A couple years ago I set up this application on my gmail account that sends me daily emails about articles that come out online about Guatemala. Usually they’re pretty uneventful news, and sometimes it’s an article about something completely off topic, but the writer happened to throw Guatemala in there somehow. It was helpful, however, when I was writing my research paper for my International Law class on the Commission Against Impunity in Guatemala (CICIG), since I got updates about anything it was involved in and was able to incorporate them into my paper.
Today I opened the email thinking it would be just as uneventful as the weeks before, but I was sadly disappointed. There were several snippets about the vigilante justice that has been mounting in Guatemala. This isn’t something new over there, but it seems to be escalating at alarming rates. I remember when Jeff and I were in Guate for Christmas in 2007, he saw a magazine article where two men had been caught (I forget what for), and the town made them fight each other for their lives…so one of them ended up killing the other, with the whole town watching and cheering. Jeff was shocked, but all my Guatemalan friends who were hanging out were immune to such [common] reports.
I’m sure most people in the United States are wondering what would make ordinary citizens take up action and become so violent and aggressive. The BBC recently reported on the bus driver extortion scheme that has been going on in Guatemala for quite some time now. Basically, gangs threaten bus drivers by making them pay a monthly “protection” fee, in exchange for not killing them. What this means is that gang members are pulling up to buses with dozens of innocent people, kill the bus driver, and then either drive off or try to rob a couple of the people on the bus while they’re at it. Not necessarily something you want to see on your daily commute to work.
The problem with this is that no one is really stopping them. The government makes half hearted attempts that end up being more of a hassle than actually providing a solution to the problem. An example of this was the fairly recent enactment of a new motorcycle law. It appears that most murders being committed where being done by two individuals on a motorcycle: one would drive, the other one would shoot. So they enacted a law that only one person was allowed on a motorcycle. You can imagine how helpful that was. People who are in the business of constantly breaking the law and murdering people are not going to be held back by meager traffic laws. The worst part about this law was the inconvenience it caused people: motorcycles are a huge mode of transportation in Guatemala, with whole families being taken to work/school on a single motorcycle.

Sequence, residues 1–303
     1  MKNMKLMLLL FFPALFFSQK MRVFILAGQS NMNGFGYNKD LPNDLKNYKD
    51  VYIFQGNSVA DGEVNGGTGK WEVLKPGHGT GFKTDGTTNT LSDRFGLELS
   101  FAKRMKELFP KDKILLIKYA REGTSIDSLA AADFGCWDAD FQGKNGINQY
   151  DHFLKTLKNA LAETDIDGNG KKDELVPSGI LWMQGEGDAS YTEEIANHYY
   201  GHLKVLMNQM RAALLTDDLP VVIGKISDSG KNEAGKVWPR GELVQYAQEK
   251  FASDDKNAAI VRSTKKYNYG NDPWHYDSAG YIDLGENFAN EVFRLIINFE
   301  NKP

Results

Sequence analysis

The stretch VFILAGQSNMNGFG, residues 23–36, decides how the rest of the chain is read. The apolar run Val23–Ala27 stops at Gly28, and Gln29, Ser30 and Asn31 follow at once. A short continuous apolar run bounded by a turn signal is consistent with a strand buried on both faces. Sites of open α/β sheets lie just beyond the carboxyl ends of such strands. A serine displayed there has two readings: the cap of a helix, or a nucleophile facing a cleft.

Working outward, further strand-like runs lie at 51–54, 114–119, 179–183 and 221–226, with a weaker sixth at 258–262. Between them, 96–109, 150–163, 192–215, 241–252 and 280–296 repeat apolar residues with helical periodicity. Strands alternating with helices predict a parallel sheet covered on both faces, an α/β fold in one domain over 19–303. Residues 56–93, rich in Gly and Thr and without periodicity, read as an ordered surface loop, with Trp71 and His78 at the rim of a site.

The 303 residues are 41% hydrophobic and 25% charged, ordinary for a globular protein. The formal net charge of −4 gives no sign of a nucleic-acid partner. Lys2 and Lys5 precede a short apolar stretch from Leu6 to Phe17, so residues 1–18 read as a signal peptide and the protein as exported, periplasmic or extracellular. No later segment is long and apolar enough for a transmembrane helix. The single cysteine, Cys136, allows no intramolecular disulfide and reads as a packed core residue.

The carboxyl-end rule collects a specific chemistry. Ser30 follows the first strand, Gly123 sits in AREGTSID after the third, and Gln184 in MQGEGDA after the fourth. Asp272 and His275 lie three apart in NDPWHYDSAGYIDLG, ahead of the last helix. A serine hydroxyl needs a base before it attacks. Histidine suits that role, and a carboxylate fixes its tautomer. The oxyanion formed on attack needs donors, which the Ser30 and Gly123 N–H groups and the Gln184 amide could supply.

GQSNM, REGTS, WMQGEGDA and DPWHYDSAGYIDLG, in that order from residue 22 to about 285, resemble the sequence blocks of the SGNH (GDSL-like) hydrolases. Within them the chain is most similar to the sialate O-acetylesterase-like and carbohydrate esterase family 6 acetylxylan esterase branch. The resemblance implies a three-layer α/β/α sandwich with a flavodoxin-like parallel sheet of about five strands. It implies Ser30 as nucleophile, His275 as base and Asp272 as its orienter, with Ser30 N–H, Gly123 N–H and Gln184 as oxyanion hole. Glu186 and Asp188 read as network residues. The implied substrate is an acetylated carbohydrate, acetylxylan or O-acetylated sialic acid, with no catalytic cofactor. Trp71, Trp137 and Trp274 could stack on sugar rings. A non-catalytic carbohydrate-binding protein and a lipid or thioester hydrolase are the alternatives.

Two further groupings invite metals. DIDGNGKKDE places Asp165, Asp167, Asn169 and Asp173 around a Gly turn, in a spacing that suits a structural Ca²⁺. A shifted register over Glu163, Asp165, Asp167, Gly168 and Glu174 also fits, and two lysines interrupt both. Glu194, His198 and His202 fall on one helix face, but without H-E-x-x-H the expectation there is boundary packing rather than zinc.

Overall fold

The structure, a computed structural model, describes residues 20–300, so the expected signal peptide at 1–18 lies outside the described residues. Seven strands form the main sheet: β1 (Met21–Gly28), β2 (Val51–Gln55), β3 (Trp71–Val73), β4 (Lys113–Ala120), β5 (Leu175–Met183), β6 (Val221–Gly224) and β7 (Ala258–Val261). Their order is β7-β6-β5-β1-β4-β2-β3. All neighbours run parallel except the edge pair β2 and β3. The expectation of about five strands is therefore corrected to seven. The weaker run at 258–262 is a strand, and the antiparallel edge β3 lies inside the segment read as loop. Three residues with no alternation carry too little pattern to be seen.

Other than that, not much has been done to alleviate the situation. I haven’t heard of any sound legislation or changes to the system to catch the gang members responsible. In reality, many of the crimes in Guatemala go without ever being investigated or any action taken to find and punish those responsible (about 98% actually, if you can believe that). It’s this inaction that leads ordinary citizens to take action into their own hands. NPR published an article detailing some of the recent acts of vigilantism, and the opinions of those who now feel safer in their towns because of it.
I can see why the people of Guatemala are frustrated, and I hope the government, the CICIG, and NGO’s will take it upon themselves to install some law and order in the country. I know the CICIG has been trying for a while to clean out the police department (PNC-Policia Nacional Civil) in order to make them effective in enforcing the law, rather than breaking it. Until the citizens of Guatemala feel they are being protected by the authorities, they won’t be able to keep them from protecting themselves, no matter how inhumane or barbaric these acts seem to us. This leads to the conversation of human rights and whether the victims of vigilante acts are being punished without due process of law…we’ll save that conversation for a later time, since I have probably lost the attention of most of you already :)
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